Analysis: The assumption here is that the sunrise/set timetable is one sinus wave, the rest is scaling and translating a bit

sunrise = int (350 + ( 90*cos( ((((month-1)*30.5)+dayOfMonth)+8) /58.1) )); The part:

(month-1)*30.5 + dayOfMonth + 8 This is a formula for dayoftheyear with a small offset 8 days.

If you fill in the days and months of the year, you will get approx. 23 march = 90; 23 june = 180; 23 sept = 270 and 23 dec = 360 (=0) . These are the solstice and equinoxes.

Note the +8 is the offset between 1 jan and 23 dec (shortest day in NH = Northern Hemisphere)

so now we can bring back the formula to:

sunrise = 350 + 90*cos( dayofyear/58.1) ; As the cos() needs a value between 0..2PI the dayof year must be divided by a value so that 0 is mapped on 0 and 365 is mapped upon 2PI. simple math: 365/2PI = 58.0915542... which is rounded to 58.1. This is a very small error but one better uses 58.091554 (the approx limit of Arduino float) to keep error to a minimum

This brings the formula to:

sunrise = 350 + 90 * cos(); where cos() varies between from [-1, 1];

90 is the half of the difference between the sunrise on 23 dec and 23 june.

350 is the middle between the two sunrises, approx the sunrise @23 march/sept

OK, now take some time to reread the analysis above.

Back to the question :

* Where did this come from, and how do I know if it will work for my location (Hopkinsville, KY)*We now know where it comes from - see above - and we have the means to adapt the formulas.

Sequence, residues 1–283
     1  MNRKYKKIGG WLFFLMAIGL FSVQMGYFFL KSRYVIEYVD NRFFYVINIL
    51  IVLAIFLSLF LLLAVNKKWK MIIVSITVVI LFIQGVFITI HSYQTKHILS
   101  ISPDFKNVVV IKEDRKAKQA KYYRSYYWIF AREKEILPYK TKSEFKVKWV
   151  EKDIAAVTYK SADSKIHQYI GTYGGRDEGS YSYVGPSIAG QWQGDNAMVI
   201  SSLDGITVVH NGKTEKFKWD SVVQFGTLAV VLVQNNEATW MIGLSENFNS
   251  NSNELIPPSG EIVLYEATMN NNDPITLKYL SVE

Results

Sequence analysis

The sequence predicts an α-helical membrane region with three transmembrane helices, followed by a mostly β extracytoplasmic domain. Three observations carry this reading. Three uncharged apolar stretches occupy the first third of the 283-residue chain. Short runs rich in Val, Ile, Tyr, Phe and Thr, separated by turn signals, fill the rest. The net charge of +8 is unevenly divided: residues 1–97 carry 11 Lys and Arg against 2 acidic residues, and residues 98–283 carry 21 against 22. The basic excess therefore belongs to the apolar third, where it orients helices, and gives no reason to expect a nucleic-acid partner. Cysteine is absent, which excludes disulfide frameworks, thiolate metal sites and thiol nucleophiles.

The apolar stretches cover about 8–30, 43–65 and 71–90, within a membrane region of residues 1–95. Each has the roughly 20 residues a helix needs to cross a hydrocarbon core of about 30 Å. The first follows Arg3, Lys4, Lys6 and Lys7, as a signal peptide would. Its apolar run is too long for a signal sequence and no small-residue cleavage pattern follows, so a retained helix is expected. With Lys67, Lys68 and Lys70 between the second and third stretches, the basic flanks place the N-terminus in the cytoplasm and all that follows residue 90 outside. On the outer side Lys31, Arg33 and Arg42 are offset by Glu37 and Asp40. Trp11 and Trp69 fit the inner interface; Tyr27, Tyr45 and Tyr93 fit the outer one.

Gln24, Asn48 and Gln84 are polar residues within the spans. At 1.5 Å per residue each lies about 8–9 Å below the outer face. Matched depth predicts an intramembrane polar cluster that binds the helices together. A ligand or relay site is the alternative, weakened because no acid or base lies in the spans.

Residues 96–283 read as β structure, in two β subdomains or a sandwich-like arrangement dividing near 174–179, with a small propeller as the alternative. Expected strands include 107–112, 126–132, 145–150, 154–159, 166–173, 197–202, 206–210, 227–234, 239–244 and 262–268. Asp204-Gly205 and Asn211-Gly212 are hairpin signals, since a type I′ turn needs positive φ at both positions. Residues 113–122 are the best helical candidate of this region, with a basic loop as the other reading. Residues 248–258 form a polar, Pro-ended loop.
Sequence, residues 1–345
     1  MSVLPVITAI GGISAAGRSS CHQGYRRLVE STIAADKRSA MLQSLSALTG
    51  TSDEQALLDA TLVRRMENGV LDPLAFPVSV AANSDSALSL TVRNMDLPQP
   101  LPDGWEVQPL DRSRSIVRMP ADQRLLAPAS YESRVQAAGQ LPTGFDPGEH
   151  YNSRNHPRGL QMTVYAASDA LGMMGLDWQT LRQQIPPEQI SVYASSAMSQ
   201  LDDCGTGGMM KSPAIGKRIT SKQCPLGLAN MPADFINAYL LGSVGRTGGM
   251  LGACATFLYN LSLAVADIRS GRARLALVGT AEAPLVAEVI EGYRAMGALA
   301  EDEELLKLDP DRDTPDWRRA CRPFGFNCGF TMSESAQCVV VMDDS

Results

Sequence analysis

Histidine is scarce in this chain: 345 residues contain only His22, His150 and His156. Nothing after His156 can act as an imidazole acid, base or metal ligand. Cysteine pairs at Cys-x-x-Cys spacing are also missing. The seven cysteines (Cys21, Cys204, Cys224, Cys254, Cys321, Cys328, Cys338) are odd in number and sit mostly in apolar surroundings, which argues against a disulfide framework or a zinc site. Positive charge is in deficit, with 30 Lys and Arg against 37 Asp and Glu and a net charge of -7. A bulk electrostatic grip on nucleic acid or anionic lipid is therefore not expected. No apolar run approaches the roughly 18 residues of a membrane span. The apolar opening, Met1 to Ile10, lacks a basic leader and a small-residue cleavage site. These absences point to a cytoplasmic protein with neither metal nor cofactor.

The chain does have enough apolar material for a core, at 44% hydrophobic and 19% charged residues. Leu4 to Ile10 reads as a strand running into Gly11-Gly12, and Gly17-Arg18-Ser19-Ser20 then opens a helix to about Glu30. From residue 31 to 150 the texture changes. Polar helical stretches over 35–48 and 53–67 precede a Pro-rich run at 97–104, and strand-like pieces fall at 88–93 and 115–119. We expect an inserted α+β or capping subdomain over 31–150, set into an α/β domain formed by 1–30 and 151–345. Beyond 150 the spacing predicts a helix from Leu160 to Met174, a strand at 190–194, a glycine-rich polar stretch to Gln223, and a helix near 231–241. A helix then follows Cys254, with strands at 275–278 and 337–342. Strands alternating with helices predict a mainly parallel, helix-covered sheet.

OK, to change this formula to the lattitude of Hopkinsville, KY

step 1: Google EARTH => 36.51 north 87.29 E

step 2:

http://www.srrb.noaa.gov/highlights/sunrise/sunrise.html-- update -- the numbers below are to be checked, this are just how its done

Sunrise @23 june = 4:32 = 60 * 4 + 32 = 272

Sunrise @23 dec = 7:21 = 60 * 7 + 21 = 441

delta = 441- 272 = 169 => divide by 2 makes 85

average = (441+272)/2 = 356

So the sunrise formula for Hopkinsville, KY will be:

sunrise = 356 + 85 * cos( ((month-1)*30.5+dayOfMonth+8) /58.1); // removed some unneeded ()

The sunset formula can be done in same way, left as an exercise for the reader.

Some programming/optimizing hints:

As sin() and cos() are quite equal I would change the formulas a bit so it only uses cos().

as : sin(x) = -cos(x+90);

one could convert the formulas to :

void getRiseSet()

{

int doy = (month-1)*30.5+dayOfMonth;

sunrise = 350 + 90*cos(( doy + 8 )/58.1);

sunset = 1075 - 90*cos(( doy + 8 )/58.1); // OK, I smuggled 1 day

(83+8 = 91 not 90 but as there are more rounding errors allready...

}

or max optimized to

void getRiseSet()

{

float common = 90 * cos( ((month-1)*30.5+dayOfMonth + 8 ) / 58.091554) ;

sunrise = 350 + common;

sunset = 1075 - common;

}

*update 2012-10-27 :*

void getRiseSet()

{

float common = 90 * cos( ((month-1)*30.5+dayOfMonth + 8 ) * 0.017214206) ; // replace division with faster multiplication

sunrise = 350 + common;

sunset = 1075 - common;

}

90 * 0.017214206 can be precalculated too but they have a different semantic meaning and the compiler might optimize it anyway.

*Some interesting link I found during this exercise: - http://www.astro.uu.nl/~strous/AA/en/antwoorden/zonpositie.html -*

and of course wikipedia - http://en.wikipedia.org/wiki/Sunrise_equation -

Note 1: beware that this formulas are approximations (quite good ones I think)

Note 2: these formulas don't take DST into account.

fun!!!